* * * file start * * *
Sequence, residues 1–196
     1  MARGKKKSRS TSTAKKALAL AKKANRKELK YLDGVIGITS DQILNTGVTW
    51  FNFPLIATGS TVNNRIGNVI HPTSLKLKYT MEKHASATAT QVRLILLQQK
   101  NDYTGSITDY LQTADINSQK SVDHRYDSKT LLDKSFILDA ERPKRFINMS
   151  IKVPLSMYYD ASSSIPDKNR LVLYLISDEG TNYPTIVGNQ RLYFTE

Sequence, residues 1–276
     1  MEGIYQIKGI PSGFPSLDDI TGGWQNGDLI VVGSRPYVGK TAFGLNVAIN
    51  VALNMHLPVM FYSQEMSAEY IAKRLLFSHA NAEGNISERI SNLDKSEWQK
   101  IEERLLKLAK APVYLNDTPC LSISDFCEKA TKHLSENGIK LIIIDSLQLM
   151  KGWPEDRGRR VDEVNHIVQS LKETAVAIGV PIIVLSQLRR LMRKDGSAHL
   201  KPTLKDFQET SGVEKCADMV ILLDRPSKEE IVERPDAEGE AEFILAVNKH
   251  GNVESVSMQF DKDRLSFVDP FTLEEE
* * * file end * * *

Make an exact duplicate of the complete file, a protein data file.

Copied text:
Sequence, residues 1–196
     1  MARGKKKSRS TSTAKKALAL AKKANRKELK YLDGVIGITS DQILNTGVTW
    51  FNFPLIATGS TVNNRIGNVI HPTSLKLKYT MEKHASATAT QVRLILLQQK
   101  NDYTGSITDY LQTADINSQK SVDHRYDSKT LLDKSFILDA ERPKRFINMS
   151  IKVPLSMYYD ASSSIPDKNR LVLYLISDEG TNYPTIVGNQ RLYFTE

Sequence, residues 1–276
     1  MEGIYQIKGI PSGFPSLDDI TGGWQNGDLI VVGSRPYVGK TAFGLNVAIN
    51  VALNMHLPVM FYSQEMSAEY IAKRLLFSHA NAEGNISERI SNLDKSEWQK
   101  IEERLLKLAK APVYLNDTPC LSISDFCEKA TKHLSENGIK LIIIDSLQLM
   151  KGWPEDRGRR VDEVNHIVQS LKETAVAIGV PIIVLSQLRR LMRKDGSAHL
   201  KPTLKDFQET SGVEKCADMV ILLDRPSKEE IVERPDAEGE AEFILAVNKH
   251  GNVESVSMQF DKDRLSFVDP FTLEEE